· An encounter with God.
· The revelation of what God will do.
· Identification of who Moses is in the plan.
· The revelation to give the people as to who God is.
· A plan of God as to how to proceed.
· A promise of the power of God made available.

Verse 20 is a powerful statement of how God is going to move on Israel’s behalf. “So I will stretch out My hand and strike Egypt with all My wonders which I will do in its midst; and after that he will let you go.” To me, this list of things God gives Moses and this statement of how God is going to judge Egypt should be followed by a great “Amen!” and be the end of the chapter. However, it is not.

The next two verses do not look like they are as important as the ones preceding them. Yet it is with this statement that God ends his equipping of Moses. He is going to give the people of Israel favor with the Egyptians. The Lord places this on the same level as all of the other things on this list. In fact, it is by favor that they will plunder Egypt.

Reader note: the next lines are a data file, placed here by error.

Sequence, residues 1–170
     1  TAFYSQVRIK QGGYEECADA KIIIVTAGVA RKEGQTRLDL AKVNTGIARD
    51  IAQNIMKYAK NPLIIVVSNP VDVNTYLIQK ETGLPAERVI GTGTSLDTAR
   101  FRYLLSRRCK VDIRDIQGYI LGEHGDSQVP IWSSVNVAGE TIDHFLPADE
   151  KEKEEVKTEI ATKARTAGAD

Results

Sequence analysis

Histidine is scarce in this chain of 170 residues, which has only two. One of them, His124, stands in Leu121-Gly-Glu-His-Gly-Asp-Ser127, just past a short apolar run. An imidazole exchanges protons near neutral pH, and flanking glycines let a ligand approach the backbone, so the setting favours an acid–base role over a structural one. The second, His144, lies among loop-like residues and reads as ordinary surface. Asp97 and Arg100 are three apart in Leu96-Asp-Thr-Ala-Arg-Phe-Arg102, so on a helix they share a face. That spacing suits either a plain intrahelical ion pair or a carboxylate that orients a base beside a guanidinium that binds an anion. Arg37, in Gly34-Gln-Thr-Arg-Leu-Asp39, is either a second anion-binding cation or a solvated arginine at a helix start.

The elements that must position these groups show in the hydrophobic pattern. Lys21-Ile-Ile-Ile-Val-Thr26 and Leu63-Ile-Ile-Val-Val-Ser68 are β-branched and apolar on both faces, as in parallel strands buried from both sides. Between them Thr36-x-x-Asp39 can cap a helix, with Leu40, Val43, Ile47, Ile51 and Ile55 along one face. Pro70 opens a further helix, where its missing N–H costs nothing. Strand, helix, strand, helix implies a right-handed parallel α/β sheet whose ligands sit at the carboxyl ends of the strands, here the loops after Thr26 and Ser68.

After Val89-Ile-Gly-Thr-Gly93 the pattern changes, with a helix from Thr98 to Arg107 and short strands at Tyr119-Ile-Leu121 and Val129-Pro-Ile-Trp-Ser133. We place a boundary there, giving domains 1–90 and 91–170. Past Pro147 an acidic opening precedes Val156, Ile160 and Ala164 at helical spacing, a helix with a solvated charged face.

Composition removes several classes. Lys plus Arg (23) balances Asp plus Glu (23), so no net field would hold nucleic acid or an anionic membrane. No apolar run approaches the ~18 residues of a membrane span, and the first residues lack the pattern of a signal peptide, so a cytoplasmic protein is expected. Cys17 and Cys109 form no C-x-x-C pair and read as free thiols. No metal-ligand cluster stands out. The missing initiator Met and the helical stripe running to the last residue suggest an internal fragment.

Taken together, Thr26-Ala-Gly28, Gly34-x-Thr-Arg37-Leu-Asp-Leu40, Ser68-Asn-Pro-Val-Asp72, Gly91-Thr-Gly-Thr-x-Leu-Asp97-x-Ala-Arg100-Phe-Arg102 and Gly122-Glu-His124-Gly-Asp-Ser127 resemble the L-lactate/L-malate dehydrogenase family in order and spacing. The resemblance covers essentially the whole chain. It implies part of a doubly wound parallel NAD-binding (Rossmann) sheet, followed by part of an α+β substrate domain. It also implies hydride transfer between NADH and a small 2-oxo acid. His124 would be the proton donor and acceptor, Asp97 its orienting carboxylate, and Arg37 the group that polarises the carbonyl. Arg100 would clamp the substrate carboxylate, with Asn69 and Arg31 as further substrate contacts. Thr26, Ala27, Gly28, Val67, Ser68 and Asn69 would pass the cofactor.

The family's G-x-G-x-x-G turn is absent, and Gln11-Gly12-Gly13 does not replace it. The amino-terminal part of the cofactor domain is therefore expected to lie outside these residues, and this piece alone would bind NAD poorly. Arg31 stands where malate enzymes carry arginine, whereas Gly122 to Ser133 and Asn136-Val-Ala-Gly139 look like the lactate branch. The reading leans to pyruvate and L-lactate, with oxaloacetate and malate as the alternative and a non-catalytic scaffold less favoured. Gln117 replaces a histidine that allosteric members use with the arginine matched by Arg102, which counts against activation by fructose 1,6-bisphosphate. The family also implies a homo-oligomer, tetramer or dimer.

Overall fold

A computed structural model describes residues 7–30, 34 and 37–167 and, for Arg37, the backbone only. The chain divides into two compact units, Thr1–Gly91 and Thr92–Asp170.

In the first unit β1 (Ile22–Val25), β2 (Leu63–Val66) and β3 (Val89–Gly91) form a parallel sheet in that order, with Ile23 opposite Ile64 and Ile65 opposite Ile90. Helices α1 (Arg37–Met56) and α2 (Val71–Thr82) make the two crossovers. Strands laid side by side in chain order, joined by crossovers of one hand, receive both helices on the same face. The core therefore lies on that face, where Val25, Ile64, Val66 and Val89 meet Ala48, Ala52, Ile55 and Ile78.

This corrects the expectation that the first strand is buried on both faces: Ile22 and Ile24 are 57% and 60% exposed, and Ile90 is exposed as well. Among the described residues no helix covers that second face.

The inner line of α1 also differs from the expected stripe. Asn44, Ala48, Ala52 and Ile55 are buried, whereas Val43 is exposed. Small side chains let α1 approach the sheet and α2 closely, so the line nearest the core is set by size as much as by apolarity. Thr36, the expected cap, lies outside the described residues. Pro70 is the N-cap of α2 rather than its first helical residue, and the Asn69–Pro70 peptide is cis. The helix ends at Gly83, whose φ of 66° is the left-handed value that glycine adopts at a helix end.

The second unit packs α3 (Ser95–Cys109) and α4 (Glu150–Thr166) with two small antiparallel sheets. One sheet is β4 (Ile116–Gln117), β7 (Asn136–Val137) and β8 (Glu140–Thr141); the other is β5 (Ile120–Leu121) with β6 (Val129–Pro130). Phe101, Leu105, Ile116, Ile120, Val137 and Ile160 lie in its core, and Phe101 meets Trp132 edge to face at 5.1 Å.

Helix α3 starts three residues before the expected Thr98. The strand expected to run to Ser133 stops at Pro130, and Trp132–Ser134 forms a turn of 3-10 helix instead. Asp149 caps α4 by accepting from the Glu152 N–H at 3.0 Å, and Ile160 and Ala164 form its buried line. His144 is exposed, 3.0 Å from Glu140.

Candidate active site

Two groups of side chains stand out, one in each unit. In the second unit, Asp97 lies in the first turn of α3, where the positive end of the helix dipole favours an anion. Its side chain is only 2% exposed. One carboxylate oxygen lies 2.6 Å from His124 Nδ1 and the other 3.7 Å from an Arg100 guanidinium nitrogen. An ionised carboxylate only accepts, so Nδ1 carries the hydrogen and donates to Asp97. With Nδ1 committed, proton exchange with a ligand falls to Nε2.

The idea of plunder is very important in bible days. If a nation is conquered by another nation, the conquerors have the right to take whatever they want from the conquered. If there is no plunder, the victory is not complete. Plunder was how conquest was paid for. A truly powerful nation grew rich because it took from those it defeated. That is just the way it was. If Israel was to conquer Egypt completely, there had to be plunder.

I find it interesting that Israel obtained its deliverance from Egypt by the power of God. However, Israel plundered Egypt by obtaining favor from the Egyptians themselves. There are some interesting things about this favor.